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Mayor Gray Proposes $2.3 Million Annual Increase to the Capital Improvement Budget for Public Art

Friday, March 29, 2013

The D.C. Commission on the Arts and Humanities (DCCAH) is pleased to announce a proposed $2.3 million increase to the city’s public art budget in the most recent Capital Improvements Plan by Mayor Vincent C. Gray. The proposed budget increase, which will take effect in FY 2014, will allot a $5 million annual capital allocation for public art over the next six years.

The DCCAH administers public art in the District through its DC Creates! Public Art program. This program, which is funded by the city’s Capital Budget purchases, commissions, and installs artworks for public sites throughout the District of Columbia, including parks, libraries, community centers, government offices, bridges and other public venues. The collection includes more than 100 permanently sited and integrated works and over 2,600 portable works in District Government offices.

“The mayor’s $2.3 budget increase is a significant investment in making the District of Columbia a world-class arts and culture destination,” said Lionell Thomas, Executive Director of the D.C. Commission on the Arts and Humanities. “Investing in the aesthetic qualities of this city provides for a improved quality of life, creates cultural attractions as well as develops a sense of place in our neighborhoods.”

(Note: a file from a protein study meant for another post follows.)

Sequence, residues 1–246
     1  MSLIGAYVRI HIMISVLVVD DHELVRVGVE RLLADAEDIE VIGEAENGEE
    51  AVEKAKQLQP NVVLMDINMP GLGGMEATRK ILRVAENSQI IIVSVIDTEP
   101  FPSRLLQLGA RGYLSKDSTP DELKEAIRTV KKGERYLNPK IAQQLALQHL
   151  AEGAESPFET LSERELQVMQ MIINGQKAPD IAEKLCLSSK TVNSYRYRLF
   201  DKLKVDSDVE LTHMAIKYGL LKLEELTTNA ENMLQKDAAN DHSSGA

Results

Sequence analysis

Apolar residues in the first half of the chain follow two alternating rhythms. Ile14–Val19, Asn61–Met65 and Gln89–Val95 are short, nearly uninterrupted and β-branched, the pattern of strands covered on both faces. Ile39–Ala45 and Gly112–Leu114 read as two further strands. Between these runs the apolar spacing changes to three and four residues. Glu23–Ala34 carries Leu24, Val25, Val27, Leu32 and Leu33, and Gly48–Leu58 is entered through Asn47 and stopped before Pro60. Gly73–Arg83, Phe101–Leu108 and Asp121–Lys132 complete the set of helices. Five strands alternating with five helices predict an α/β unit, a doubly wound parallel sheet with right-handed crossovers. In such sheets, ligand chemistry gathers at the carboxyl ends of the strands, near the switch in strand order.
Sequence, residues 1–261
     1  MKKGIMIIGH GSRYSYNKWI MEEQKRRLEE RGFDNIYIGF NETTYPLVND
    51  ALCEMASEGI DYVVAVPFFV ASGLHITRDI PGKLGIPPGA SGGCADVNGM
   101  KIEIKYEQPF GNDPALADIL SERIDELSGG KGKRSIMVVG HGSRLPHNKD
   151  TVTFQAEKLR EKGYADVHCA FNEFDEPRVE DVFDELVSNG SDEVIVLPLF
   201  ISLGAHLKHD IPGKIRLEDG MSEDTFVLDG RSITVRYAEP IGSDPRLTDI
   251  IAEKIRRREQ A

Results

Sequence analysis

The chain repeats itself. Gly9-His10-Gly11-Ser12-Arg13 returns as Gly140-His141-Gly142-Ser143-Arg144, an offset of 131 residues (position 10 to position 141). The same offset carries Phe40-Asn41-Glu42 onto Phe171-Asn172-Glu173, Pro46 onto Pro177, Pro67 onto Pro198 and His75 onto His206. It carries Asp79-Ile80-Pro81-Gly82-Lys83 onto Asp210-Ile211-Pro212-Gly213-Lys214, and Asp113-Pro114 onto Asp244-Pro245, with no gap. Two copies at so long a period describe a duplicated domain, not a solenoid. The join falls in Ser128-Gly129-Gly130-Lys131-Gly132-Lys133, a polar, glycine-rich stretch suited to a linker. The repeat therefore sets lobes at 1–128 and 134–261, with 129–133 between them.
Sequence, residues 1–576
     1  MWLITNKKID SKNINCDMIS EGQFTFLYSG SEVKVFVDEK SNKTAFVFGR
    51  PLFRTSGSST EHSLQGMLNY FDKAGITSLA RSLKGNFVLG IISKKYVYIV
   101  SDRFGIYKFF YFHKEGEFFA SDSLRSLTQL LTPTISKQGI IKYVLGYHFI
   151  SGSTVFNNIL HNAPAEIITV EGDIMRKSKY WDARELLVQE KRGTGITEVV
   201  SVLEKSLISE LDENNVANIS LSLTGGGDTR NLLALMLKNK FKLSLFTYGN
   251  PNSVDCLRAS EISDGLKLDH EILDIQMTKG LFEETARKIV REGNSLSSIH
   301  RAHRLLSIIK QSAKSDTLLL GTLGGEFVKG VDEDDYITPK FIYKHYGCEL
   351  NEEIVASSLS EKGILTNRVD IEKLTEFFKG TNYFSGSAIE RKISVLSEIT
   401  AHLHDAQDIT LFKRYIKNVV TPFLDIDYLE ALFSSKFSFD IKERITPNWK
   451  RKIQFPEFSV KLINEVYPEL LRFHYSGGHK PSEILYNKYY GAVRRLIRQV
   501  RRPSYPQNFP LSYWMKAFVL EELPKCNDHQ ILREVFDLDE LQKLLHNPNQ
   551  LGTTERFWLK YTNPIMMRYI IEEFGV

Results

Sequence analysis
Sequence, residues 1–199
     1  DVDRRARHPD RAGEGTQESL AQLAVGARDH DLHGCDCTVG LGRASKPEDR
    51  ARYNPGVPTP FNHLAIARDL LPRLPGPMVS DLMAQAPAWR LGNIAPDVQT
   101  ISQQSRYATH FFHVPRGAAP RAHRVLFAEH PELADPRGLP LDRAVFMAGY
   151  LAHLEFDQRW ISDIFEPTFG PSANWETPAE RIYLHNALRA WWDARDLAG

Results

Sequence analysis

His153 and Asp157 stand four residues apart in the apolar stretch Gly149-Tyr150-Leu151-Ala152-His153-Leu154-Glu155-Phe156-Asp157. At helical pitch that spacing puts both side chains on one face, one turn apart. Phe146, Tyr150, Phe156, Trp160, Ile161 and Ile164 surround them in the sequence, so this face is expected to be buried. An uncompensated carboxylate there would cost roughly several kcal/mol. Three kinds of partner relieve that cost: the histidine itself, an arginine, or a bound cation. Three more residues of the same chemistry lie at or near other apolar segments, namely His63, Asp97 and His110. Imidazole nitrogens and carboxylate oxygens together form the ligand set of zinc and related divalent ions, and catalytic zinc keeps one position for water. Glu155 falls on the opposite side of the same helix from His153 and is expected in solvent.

Major public art initiatives over the next several years include:

  • The 183-acre St. Elizabeth’s East campus – a collaboration with the Deputy Mayor for Planning and Economic Development to activate the former St. Elizabeth’s Hospital site through public art and design interventions.
  • New York Avenue Bridge – a public art project that includes the commission, fabrication and installation of a monumental artwork by artist Kent Bloomer on the Northeast, Washington, D.C. bridge
  • Fort Totten Memorial – a memorial park project to honor the 2009 transit crash victims
  • Expanding the agency’s Cultural Facilities Program grant – an opportunity to help organizations purchase a currently leased performance, exhibition or professional training facility, planning/ design or implementation of capital improvement projects or purchase of long-term fixtures and equipment
  • Additional artworks purchased for the Art Bank Collection – a city collection of art distributed for display at various public spaces and District government offices.

The Capital Improvements Program coordinates planning, financing, and infrastructure improvement. Capital improvements are those that, because of expected long-term useful lives and high costs, require large amounts of capital funding. These funds are spent over a multi-year period and result in a fixed asset.

The mayor’s proposed Capital Improvement Plan still awaits final approval by the City Council.